For a century or more, Los Angeles has been an inspiration and proving ground for maverick architects who have sought to make use of innovative materials and turn traditional residential design on its ear. Sprinkled in among the sprawling California ranch houses, stately Colonials, ornate Italianate villas and ubiquitous, blandly conceived “Mediterranean” macmansions that make up so much of the housing stock in Southern California, there are a small but delicious number of architectural confections designed by trendsetting trailblazers like Rudolph Schindler, Pierre Konig, John Lautner and Richard Neutra.
Occasionally, and typically with a deluge of tongue wagging by property gossips around the globe, one of these tour-de-force properties comes for sale. Lautner’s geometric Wolff Residence, cantilevered over a steep hillside above the Sunset Strip, was recently purchased for $5.9 million by Norwegian filmmaker Joachim Rønning and entrepreneurial heiress Amanda Hearst, and Neutra’s Lovell Health House in Los Feliz has come available outside the Multiple Listing Service at an undisclosed but surely eye-popping price. Another of Neutra’s most iconic and internationally renowned masterpieces, the Bauhaus-inspired Sten-Frenke House in Santa Monica, has also come up for sale at an eye-catching and publicity assuring price of $15 million.
Completed in 1934 and situated on a double lot at the mouth of Santa Monica Canyon — it’s close enough to the beach to hear the sound of the roaring surf over the relentless drum of traffic on Pacific Coast Highway, the Sten-Frenke House was commissioned by and built for Ukrainian actor Anna Sten and her also Ukrainian husband Eugene Frenke. So the story goes, the forward-thinking couple came to Los Angeles at the behest of movie industry tycoon Samuel Goldwyn, who hoped but did not manage to turn Ms. Sten into the “Russian Garbo.” While architects sometimes get an occasionally deserved reputation as autocratic prima donnas, Neutra was famously sensitive to the unique needs and desires of his clients and, because the Sten-Frenkes expressed an appreciation for nature, the house was not only oriented to take advantage of the sea breezes and Pacific Ocean vistas but also to be in quiet harmony with the natural and landscaped areas surrounding the house.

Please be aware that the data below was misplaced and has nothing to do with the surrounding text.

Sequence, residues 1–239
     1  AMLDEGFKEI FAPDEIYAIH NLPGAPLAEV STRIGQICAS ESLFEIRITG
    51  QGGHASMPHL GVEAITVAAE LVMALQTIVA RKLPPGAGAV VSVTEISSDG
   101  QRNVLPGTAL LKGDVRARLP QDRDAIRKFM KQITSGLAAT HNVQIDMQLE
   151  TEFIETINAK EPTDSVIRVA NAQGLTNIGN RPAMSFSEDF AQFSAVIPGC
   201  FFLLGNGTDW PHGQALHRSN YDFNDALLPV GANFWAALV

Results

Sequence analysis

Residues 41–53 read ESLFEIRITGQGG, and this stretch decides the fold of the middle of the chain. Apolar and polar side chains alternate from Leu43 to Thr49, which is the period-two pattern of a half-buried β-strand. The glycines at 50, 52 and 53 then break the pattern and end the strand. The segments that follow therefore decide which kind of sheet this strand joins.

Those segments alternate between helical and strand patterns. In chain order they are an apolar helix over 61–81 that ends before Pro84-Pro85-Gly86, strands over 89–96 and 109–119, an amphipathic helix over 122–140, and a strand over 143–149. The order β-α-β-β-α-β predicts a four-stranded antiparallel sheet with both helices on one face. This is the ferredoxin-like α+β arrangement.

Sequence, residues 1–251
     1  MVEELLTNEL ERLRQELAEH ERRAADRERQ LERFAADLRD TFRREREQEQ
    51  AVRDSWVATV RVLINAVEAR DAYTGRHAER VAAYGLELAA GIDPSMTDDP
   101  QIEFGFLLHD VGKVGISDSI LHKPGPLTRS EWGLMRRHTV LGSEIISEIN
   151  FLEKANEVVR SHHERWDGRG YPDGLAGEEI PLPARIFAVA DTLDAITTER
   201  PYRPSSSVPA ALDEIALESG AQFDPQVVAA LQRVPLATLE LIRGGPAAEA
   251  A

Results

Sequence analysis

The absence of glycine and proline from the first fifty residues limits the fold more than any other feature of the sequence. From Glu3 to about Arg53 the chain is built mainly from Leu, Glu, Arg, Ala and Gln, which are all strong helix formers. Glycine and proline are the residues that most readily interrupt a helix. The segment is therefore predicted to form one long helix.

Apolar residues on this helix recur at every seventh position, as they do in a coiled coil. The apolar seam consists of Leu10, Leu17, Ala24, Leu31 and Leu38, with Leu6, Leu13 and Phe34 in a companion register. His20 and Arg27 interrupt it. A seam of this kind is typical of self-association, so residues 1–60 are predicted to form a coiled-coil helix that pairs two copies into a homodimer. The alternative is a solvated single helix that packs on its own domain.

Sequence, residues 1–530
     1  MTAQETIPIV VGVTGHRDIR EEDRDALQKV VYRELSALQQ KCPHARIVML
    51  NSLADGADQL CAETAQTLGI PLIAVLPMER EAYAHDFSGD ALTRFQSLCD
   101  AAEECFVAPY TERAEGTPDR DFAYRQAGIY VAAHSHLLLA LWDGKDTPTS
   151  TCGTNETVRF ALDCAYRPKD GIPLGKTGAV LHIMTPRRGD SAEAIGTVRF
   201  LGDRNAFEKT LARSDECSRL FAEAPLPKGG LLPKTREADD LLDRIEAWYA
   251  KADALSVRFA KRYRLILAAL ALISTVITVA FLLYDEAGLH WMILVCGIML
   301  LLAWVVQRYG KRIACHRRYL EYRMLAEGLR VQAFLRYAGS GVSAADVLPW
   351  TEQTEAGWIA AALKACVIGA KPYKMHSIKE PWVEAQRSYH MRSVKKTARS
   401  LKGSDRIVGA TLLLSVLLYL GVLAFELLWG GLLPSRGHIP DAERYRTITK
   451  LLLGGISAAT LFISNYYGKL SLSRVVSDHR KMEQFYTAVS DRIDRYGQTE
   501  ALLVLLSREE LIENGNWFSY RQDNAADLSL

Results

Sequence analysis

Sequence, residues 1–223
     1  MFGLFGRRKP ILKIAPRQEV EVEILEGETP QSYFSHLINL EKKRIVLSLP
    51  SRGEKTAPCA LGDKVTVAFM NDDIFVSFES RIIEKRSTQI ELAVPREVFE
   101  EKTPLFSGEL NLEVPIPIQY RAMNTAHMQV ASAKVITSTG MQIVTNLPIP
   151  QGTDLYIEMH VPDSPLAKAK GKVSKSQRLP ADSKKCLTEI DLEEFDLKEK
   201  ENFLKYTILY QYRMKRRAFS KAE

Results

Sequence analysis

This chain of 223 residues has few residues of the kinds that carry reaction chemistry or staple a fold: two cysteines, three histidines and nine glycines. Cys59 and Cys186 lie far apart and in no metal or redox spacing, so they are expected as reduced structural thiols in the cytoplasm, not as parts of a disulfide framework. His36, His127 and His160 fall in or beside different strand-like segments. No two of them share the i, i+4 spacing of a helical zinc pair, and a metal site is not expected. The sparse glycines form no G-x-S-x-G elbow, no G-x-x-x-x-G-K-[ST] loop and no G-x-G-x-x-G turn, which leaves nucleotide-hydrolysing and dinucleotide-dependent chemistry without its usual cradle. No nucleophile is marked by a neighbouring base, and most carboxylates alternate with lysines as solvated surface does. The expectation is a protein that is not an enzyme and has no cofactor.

At some point, the property came to be owned by late and, at least according to the Internet Movie Data Base, not especially successful screenwriter Berni Gould. In the early 2000s, filmmaker Lisa Cholodenko shot much of her 2002 movie “Laurel Canyon” on the property, and sometime shortly thereafter indie film producer Jeff Levy-Hinte, one of the co-producers for “Laurel Canyon,” acquired the property from Gould’s heirs for around $3 million. After an extensive and costly restoration and renovation spearheaded by New York-based architect James Biber and illustrious, L.A.-based architecture firm Marmol Radziner, Levy-Hinte put the property up for sale in early 2006 with a far too optimistic asking price of $8 million. The price eventually dropped to just under $7 million and was finally sold in 2009 for $4.7 million to it’s current owner and seller, German-born filmmaker Marc Forster. Forster, who helmed “Monster’s Ball,” “The Kite Runner” and “World War Z,” brought in celebrated designer and restoration expert Mark Haddawy to further update and restore the house in a manner that adheres closely to Neutra’s original design.
Compared to the 10,000-square-foot macmansions and behemoth megamansions nowadays favored by many richer-than-Midas homeowners, the Sten-Frenke residence is quite modest at just under 3,000 square feet. Three bedrooms and 3.5 bathrooms include a window-lined master suite that opens to a private terrace with gorgeous, tree-framed views over the ocean. A detached studio and guesthouse, added by Forster and designed by L.A. architecture firm Johnston Marklee, who dubbed it Ark House, was sympathetically conceived to be in curvilinear kinship with the main house and includes another couple of bedrooms and a bathroom, plus a library/office, a hot yoga studio and a rooftop deck.
In the main house, the living room features a massive brick fireplace and thickly cushioned built-in banquette sofas. There’s a roomy office/library just off the living room and the separate dining room looks out into a thick wall of verdant treetops through a ribbon of steel-framed windows that run around a curved wall. But for the up-to-date appliances, the not-especially-spacious eat-in galley kitchen looks much as Neutra designed it with sliding cabinet doors and hygienic stainless steel countertops. Outside just inside the front gates and below the main house in a lush glade bordered by manicured plantings, mature trees and high hedging, the rectangular white concrete swimming pool has an automatic cover.